So here’s my new system. I thought of it this evening when I was faced with the nightly decision about what to read. Henceforth, I am going to try a three-prong approach. Like most readers, I always have more than one book going, and here’s my new system:

  1. Read my way through the Edgar, Agatha, and other award-winning mysteries for each year. Start with the oldest and work my way forward. This is going to take a bit of time. But since I’m writing a book about clothing and crime, I can kill the proverbial two birds with this methodical approach. Not only will I read good mysteries and get a sense of how the genre has evolved, I'll also be able to do some research (i.e., the use of clothing in award-winning mysteries).
  2. I’ll “sample” the New York Times best-sellers. I can do a lot of this online with the excerpts provided on the author’s or publisher’s website. I’ll read the first chapter and if it isn’t working for me, then I will have at least given the book a chance. If I like my sample chape, I'll read more of the book. 
  3. I’ll print out those lists provided for college students of “classics” of American and World Literature. Check off the ones I’ve read. And then apply the same sampling approach as for the best-sellers. Classic or not, if it doesn’t grab me by the end of the first chapter, then I’m probably still not ready to read it.
And, finally, when I feel the need and the spirit moves me, I’ll indulge myself by curling up with a favorite author whose book doesn’t fit into my three-prong approach. No guilt or apology needed. Reading is food for the brain. And although some books make us smarter, some books just make us feel as if the world isn’t turning too fast. Some books just help us to believe in magic and love and adventure. And that’s important too.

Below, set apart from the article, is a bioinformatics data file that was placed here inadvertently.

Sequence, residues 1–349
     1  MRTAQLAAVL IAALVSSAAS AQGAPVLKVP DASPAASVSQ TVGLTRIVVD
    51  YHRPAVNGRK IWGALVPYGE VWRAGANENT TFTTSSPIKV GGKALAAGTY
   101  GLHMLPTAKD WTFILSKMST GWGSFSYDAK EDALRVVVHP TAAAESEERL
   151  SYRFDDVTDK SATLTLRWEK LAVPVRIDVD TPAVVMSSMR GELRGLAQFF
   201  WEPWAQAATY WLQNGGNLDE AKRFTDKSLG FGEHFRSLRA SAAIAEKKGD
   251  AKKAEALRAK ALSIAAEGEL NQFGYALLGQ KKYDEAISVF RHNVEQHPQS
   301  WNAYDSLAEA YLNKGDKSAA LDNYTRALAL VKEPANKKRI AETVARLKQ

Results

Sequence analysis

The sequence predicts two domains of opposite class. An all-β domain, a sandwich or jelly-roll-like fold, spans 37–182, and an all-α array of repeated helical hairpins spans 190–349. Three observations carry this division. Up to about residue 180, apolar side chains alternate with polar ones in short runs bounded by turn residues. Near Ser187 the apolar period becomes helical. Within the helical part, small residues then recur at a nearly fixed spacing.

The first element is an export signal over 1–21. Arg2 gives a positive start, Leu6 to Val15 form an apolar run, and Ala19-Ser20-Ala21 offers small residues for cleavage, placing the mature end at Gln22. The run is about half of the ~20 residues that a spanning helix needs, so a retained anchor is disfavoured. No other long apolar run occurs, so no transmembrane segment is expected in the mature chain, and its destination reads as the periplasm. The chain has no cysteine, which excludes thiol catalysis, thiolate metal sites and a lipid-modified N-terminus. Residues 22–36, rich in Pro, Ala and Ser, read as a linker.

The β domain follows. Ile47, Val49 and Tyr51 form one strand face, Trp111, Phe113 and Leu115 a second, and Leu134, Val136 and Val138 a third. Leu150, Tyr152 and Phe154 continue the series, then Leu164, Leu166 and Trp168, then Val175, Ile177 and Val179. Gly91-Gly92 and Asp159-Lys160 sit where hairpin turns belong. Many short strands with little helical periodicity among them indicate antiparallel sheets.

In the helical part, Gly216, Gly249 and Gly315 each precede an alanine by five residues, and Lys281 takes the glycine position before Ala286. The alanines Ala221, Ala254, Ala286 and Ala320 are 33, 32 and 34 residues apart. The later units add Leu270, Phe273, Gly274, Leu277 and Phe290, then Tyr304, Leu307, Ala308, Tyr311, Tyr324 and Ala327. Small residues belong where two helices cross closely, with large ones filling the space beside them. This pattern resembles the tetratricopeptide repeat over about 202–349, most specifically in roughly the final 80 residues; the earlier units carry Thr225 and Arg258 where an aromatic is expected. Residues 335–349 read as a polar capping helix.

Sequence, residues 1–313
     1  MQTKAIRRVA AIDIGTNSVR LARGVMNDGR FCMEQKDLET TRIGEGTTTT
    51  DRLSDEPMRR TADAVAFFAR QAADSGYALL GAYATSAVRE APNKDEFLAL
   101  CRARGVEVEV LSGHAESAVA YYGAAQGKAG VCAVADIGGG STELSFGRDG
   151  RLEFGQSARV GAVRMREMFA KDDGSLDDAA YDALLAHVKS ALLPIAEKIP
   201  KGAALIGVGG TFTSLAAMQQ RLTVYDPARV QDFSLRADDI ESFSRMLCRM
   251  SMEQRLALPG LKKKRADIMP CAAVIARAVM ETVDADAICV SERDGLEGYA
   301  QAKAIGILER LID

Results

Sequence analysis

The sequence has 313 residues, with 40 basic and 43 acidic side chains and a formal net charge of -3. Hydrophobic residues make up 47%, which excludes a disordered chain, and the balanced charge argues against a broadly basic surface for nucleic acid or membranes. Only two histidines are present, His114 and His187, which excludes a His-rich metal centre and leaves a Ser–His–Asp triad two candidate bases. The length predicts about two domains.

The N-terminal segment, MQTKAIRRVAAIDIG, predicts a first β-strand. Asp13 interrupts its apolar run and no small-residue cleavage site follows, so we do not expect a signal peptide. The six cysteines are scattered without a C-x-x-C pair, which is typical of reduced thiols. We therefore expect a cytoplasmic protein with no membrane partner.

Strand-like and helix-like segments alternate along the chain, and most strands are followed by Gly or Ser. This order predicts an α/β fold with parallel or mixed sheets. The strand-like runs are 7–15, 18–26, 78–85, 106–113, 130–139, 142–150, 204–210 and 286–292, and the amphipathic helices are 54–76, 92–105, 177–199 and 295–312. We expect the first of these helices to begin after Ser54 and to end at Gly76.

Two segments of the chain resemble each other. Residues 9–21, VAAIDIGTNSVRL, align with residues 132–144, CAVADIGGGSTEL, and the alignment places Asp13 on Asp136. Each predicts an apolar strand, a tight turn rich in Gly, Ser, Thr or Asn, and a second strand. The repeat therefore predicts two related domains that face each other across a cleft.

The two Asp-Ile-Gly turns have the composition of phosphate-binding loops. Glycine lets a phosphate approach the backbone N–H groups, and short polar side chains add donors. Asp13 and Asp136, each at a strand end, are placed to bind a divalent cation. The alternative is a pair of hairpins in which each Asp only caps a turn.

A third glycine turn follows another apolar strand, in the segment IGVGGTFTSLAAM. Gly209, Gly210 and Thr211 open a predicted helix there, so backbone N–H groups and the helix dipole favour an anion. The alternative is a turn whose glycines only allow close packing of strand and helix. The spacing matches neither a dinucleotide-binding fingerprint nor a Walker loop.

aaron said...


I couldn't agree more with your post! There are times when I'm getting to the end of current books being read (I always have more than one!!), and already there are 10 other books starting to vie for my reading attention. Which one to choose?? I know from experience that the work being read for research comes first (I've had my share of inter-library loans!!), but I also know that I need books for pleasure and escape. I could quite possibly build a whole new apartment with my TBR "pile"!! And as soon as I try to consciously implement a system, the only books that appeal fall well outside that system. I figure that as long as I keep reading, I'm doing something right, no matter the book. Thanks so much for your great and, for readers of all stripes, true post!

Frankie Y. Bailey said...

Thanks, Aaron, I'm glad to hear from someone else who suffers from the same dilemma.

Of course, a part of the new strategy would be to go through my bookshelves and weed out the books I will probably never read and donate them. Problem is -- and I know you know this one -- there is always the possibility that one day I might have the time and be in the mood to read even an unlikely book that I've acquired.

aaron said...


Absolutely I know what you're describing! I am a bit of a paranoiac with my books...they have a lifespan of 5 years (at best) in the marketplace after all! I am afraid to give away books that I haven't read just based on the fact that they may not be available again, at least in the near future. Of course there are the canonical chestnuts that are always in print in one edition or another, but I love seeking out offbeat works by offbeat authors. And, I have certainly been able to (eventually) read books and gain valuable insight significantly later than when I purchased them to begin with, so you truly do have to come to books at the right time in your life to get the maximum enjoyment and benefit. Plus, I truly believe that the more that you read, the more that you realize that you haven't, and, honestly, may not have time to read. But that inspires me to find more time and expend more energy reading so that I can get to all of those books. I find it sad when people consciously minimize their reading choices after a certain age, such as cutting out fiction or simply focusing on rereading their personal Canon. I'm only 30 but I have no intention of cutting back or minimizing...there's just too much available to me and I want to enjoy as much as I possibly can! If nothing else, I'll have an excellent library!

Rick Blechta said...

I really enjoyed this piece, Frankie. Thanks so much!